“I Can Whiten My Teeth At a Beauty Salon” and Other Myths about Your Teeth: Common Oral Health Myths Debunked

"I Can Whiten My Teeth At a Beauty Salon" and Other Myths about Your Teeth: Common Oral Health Myths Debunked

Almost everyone you know has some type of opinion about health and wellness, including your oral health. “Whiten your teeth naturally with peroxide.” “Take probiotics.” “Oral bacteria only affects your teeth.” And more. Some of this advice can help, and some can harm. To help you separate fact from fiction when it comes to your oral health, we put together 10 popular dental myths.

10 Myths About Teeth

1. Myth: The more (or harder) you brush, the cleaner your teeth will be.

Actually, over-brushing is a genuine issue, and it can do more harm than good. Aggressive brushing techniques can wear down the enamel on your teeth—which does not grow back once it’s gone. The same goes for brushing too often. Stick to the two-two-two rule, which advises you to brush twice a day for two minutes and visit your dentist twice a year.

2. Myth: Chewing sugar-free gum is the same as brushing your teeth.

While sugar-free gum is a great tool in your arsenal of tooth maintenance products, it does not replace brushing, flossing, and rinsing—which should be done at least once a day. Instead, chew a stick of sugar-free gum after lunch, when you know you won’t get around to your toothbrush until later in the evening.

3. Myth: Beauty salon whitening treatments are the same as visiting your dentist.

Teeth whitening is a great way to lift surface stains off your teeth caused by things like coffee, general yellowing, and tobacco. However, if not done properly, it can cause damage and increase sensitivity in your teeth and gums.

4. Myth: Pregnant women can’t see a dentist.

Avoiding your dentist while carrying a child is not a good idea. In fact, you should be seeing your dental health professional more often during pregnancy, as you are more susceptible to bacteria developing in your mouth and potentially causing other health complications.

5. Myth: Flossing isn’t necessary (or: if you wash your mouth, you don’t need to floss).

Flossing was recently removed from the Dietary Guidelines for Americans, but according to dentists, it is still one of the most important aspects of your oral health routine. While brushing is a great way to remove plaque build-up from your enamel, flossing helps to dislodge any food particles from hard-to-reach areas between your teeth.

6. Myth: Only sugar causes cavities.

While sugar is definitely a major culprit when it comes to cavities, there are plenty of other food products that can erode your enamel and eventually lead to tooth decay. Carbohydrates, for example, and similar starches, can cause serious damage to your teeth and gums and help contribute to the development of cavities.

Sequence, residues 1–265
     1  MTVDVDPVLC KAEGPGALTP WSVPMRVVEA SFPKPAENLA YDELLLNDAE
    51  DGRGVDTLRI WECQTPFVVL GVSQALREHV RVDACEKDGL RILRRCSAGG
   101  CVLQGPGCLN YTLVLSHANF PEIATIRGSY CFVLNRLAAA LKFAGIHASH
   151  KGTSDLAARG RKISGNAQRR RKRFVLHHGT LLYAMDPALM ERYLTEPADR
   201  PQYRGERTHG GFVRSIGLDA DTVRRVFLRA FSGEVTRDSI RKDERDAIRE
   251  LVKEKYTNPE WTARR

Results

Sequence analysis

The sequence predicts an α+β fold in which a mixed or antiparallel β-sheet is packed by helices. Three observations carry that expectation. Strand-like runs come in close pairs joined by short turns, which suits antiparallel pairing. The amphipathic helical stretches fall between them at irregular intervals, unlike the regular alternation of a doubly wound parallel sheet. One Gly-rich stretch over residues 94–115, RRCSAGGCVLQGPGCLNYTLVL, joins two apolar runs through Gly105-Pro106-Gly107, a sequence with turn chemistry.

7. Myth: Bad breath automatically equals poor hygiene.

Actually, bad breath can be a side effect of various different health complications. In some cases, this can be an indicator of yeast issues, respiratory diseases, or dry mouth. While halitosis can occur if you don’t take care of your teeth, it can also reveal more serious issues in the mouth.

8. Myth: All dental treatments are painful.

At Dr. Farless’s office, our dental team views patient comfort as of the utmost importance. While some procedures can be a little uncomfortable, we strive to offer patients options that can help to minimize any pain or discomfort they may feel.

9. Myth: The whiter your teeth, the more healthy they must be.

Teeth are naturally white. Over the years, they can be exposed to foods, drinks, or other factors that can stain them. Additionally, the enamel starts to wear away, and it can reveal the dentin underneath the teeth. While whiter teeth might sometimes mean a healthy mouth, it’s not directly correlated.

10. Myth: Stress can’t cause dental issues.

Stress can seriously impact your health! Not only can stress affect your mental and physical wellbeing, but it can also cause wear and tear to your jaw. High levels of stress can eventually lead to things like gum disease and other potentially harmful issues.

Visit Your Dentist, and Brush Your Teeth

All in all, the best advice you will ever get regarding your teeth comes directly from your dentist. In between visits, be sure to keep up with an everyday dental health routine that involves brushing, flossing, rinsing, and cleaning your tongue. While there are some life hacks that may help you maintain your oral health easily, remember that there are no shortcuts when it comes to proper oral hygiene. If you’re behind on your dentist visits, contact us today! Graham E. Farless, D.D.S. offers patients a wide range of dental health services.

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